Realizing we'd have a long day ahead of us, we immediately turned in, agreeing we should be in the cars by 5:00, and should therefore get up at 4:30. Which came too quickly, as usual, but we (Michelle Minikel, Steve Andrews, Carl Mautner, Scott Morrison, Matthias Seeger, and me), managed to leave camp on time. (Robert Parks, legendary bunny hiker [that's the Energizer variety] had arrived after we'd turned in, but we thought it'd be nice to invite him along, so we woke him and asked him if we wanted to join us. Wisely, he opted to go back to bed, looking forward to a shorter 20 miler that day.)
We dropped off Steve's Ford Escort in Tuloumne, and continued on in Carl's stylin' Honda minivan to 395 N., through Bridgeport, turning west on Twin Lakes Road (I think) near the far edge of town. They charged us $7.00 to park at the private campground at the Twin Lakes trail head (would've been the same price regardless of how long we left the car there), and we were on the trail shortly after 7:30 a.m. (Ach! Nearly two hours of daylight wasted already!) We set a good pace, quickly passing a pack train of several mules and two drovers, both of whom thought we were crazy for attempting such a hike.
Soon after, we bet on when we'd arrive at Steve's car that night. Scott the Pessimist (or perhaps Scott the Propagandist, trying to scare us into hiking faster) promptly bet 2:15 a.m. Carl predicted 11:00 p.m., Michelle predicted 7:45 p.m., and the rest of us fell in between. The wager: a burrito at LaVal's, with beverage, to the winner.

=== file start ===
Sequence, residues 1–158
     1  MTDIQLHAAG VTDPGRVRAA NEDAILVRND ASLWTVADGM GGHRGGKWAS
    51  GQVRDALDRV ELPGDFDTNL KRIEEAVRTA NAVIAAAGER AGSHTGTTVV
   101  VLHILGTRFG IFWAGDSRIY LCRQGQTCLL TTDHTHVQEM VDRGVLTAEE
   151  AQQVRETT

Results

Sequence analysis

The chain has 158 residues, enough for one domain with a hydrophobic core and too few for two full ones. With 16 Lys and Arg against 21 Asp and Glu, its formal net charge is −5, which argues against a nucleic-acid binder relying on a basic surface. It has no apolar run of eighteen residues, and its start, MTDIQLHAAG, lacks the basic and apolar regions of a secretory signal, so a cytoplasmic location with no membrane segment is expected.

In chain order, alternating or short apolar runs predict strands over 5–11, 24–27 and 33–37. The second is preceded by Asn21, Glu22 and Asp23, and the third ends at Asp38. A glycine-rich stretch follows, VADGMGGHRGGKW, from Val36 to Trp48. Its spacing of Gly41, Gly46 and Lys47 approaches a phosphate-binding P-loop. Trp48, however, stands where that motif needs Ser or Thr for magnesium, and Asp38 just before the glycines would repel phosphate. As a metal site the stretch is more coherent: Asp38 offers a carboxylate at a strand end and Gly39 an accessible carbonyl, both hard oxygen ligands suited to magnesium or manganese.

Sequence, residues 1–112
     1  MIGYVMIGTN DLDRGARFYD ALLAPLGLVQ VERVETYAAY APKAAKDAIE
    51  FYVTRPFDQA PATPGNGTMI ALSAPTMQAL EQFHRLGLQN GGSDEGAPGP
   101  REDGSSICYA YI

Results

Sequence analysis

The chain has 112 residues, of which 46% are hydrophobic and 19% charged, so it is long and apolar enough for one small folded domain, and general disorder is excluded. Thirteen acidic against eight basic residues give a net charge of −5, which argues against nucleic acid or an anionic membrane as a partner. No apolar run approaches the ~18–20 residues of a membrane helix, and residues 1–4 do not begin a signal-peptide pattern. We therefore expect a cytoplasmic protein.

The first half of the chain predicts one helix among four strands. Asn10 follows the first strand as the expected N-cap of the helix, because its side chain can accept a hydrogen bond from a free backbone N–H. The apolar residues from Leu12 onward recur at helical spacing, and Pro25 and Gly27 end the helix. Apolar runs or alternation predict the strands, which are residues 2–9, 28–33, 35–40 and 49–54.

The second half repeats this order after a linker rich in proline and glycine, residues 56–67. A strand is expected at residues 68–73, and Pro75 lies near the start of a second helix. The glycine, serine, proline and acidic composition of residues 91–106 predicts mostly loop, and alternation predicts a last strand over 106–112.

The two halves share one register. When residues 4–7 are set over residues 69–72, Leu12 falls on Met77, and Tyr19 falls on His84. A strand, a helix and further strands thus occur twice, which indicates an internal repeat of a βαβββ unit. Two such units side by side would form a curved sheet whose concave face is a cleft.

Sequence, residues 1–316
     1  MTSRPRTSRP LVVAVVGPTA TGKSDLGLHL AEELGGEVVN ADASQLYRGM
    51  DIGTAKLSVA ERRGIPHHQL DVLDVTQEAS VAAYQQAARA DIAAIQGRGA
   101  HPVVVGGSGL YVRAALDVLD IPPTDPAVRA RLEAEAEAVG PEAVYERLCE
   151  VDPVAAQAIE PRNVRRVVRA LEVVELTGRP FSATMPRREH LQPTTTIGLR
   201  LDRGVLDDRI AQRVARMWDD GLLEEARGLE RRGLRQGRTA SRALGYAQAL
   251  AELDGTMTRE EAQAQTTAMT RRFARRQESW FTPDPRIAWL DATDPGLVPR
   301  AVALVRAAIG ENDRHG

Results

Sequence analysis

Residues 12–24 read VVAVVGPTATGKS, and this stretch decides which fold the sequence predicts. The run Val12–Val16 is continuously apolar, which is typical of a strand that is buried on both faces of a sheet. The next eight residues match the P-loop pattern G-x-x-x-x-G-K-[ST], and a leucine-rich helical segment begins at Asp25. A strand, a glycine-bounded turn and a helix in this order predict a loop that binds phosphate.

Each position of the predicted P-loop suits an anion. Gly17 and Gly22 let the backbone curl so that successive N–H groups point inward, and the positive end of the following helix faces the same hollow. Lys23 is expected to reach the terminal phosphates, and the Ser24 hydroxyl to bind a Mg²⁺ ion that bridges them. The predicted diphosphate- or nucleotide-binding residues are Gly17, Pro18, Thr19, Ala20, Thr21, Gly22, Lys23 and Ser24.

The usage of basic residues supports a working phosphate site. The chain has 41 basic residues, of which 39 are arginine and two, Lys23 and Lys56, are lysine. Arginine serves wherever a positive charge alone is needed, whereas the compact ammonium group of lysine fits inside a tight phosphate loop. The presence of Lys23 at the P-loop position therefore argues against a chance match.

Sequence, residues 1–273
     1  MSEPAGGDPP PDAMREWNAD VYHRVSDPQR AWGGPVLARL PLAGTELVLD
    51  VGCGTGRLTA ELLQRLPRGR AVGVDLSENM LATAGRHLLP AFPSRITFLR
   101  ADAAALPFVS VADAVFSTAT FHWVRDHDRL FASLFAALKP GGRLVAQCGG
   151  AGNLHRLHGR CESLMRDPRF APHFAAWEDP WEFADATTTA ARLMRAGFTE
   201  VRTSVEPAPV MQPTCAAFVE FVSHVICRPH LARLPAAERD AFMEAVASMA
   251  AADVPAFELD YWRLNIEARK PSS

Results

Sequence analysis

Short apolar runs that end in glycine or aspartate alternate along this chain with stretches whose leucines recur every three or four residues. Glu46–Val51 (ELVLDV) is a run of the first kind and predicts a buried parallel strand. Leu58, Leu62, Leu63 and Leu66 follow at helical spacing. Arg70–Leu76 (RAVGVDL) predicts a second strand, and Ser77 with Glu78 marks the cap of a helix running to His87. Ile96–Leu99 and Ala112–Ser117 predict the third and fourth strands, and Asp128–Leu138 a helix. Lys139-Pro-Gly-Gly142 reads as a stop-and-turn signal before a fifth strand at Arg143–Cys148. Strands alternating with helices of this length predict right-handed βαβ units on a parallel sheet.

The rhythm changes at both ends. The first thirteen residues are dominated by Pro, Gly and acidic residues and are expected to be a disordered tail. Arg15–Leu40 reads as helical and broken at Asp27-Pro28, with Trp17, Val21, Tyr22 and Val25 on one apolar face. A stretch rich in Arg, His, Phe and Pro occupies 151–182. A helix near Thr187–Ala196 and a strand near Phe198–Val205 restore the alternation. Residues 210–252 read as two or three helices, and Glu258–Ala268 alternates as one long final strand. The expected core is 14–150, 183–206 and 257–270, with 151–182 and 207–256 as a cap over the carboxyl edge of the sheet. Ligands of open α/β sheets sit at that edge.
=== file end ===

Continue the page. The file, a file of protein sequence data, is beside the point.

Around 1:00 p.m., we reached what we thought was the second of three passes we had to cross, in the shadow of the Matterhorn, still far from our entry point onto the Glen Aulin - Tuolumne map. Unfortunately, it seemed Scott's dire prediction might be an accurate one.
Luckily, two passing hikers had an accurate map of the region, which implied good and bad news. First, the good: we'd already done 13 miles, and were all feeling good. The bad: we had another 26 miles to go!
That's right, our 30 mile hike was really a 39 mile hike! ("Hmm, maybe that smoky run wouldn't have been so bad after all...")
Well, I've made a short story long. (Alt. version: we stupidly underestimated a route, and had to hike a lot farther then we'd meant to.) I'll try to make up for it here: we hiked steadily, stopping for a couple minutes at a time every hour or so, with two notable exceptions: to take some ibuprofen around mile 20, c. 3:00 p.m., and for a great swim and snack at Miller Lake around mile 22.
Somewhere before the ibuprofen stop, Michelle slipped while crossing a stream and hurt her hand breaking her fall; shortly after the ibuprofen stop, the pain was bothering her enough that we stopped to make a makeshift splint for her wrist with a bandana, and a sling for her arm using a polypro shirt. Somewhere after mile 30 she decided she'd rather run than walk, so she, Steve, and I set off for Glen Aulin at a good trot (much better than 10 min./mile, I'd say) for about four miles, arriving there a little after 8:00, with slightly more than five miles to go. When Scott, Carl, and Matthias caught up to us a short while later, we set off in the fading light for the last leg, arriving at Steve's car slightly before 11:00.